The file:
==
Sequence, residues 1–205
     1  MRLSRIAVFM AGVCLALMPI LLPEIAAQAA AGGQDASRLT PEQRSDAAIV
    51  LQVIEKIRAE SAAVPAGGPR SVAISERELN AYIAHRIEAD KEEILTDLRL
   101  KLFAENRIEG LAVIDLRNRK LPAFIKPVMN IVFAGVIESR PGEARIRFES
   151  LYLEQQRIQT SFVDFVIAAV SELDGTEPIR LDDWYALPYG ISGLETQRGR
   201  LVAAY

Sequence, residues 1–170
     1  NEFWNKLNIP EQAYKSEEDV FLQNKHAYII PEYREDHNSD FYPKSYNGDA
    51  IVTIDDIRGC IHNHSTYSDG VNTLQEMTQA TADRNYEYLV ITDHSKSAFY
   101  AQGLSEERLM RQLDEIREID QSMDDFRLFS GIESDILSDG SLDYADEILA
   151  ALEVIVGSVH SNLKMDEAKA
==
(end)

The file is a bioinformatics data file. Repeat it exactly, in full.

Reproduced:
Sequence, residues 1–205
     1  MRLSRIAVFM AGVCLALMPI LLPEIAAQAA AGGQDASRLT PEQRSDAAIV
    51  LQVIEKIRAE SAAVPAGGPR SVAISERELN AYIAHRIEAD KEEILTDLRL
   101  KLFAENRIEG LAVIDLRNRK LPAFIKPVMN IVFAGVIESR PGEARIRFES
   151  LYLEQQRIQT SFVDFVIAAV SELDGTEPIR LDDWYALPYG ISGLETQRGR
   201  LVAAY

Sequence, residues 1–170
     1  NEFWNKLNIP EQAYKSEEDV FLQNKHAYII PEYREDHNSD FYPKSYNGDA
    51  IVTIDDIRGC IHNHSTYSDG VNTLQEMTQA TADRNYEYLV ITDHSKSAFY
   101  AQGLSEERLM RQLDEIREID QSMDDFRLFS GIESDILSDG SLDYADEILA
   151  ALEVIVGSVH SNLKMDEAKA